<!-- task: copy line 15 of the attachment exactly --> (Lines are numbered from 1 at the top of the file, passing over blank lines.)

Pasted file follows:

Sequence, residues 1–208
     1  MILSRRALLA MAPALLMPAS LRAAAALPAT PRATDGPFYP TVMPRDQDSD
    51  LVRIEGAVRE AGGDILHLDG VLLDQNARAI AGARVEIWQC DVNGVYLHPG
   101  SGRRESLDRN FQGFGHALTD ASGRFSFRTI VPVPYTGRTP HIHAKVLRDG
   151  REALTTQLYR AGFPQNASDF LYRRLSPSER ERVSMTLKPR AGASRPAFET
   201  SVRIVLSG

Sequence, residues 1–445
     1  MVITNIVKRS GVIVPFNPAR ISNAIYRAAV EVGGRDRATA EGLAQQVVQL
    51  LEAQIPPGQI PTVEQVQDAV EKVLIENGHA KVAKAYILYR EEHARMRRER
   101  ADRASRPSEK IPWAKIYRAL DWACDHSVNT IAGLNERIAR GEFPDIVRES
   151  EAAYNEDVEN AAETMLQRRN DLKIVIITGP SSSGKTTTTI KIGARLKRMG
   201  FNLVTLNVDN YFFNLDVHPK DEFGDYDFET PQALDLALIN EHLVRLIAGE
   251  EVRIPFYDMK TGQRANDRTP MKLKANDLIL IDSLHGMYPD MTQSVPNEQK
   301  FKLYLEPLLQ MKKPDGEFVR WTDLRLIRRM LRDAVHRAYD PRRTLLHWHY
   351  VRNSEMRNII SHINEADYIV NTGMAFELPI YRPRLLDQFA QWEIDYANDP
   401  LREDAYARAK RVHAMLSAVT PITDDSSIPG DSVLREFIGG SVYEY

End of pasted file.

   351  VRNSEMRNII SHINEADYIV NTGMAFELPI YRPRLLDQFA QWEIDYANDP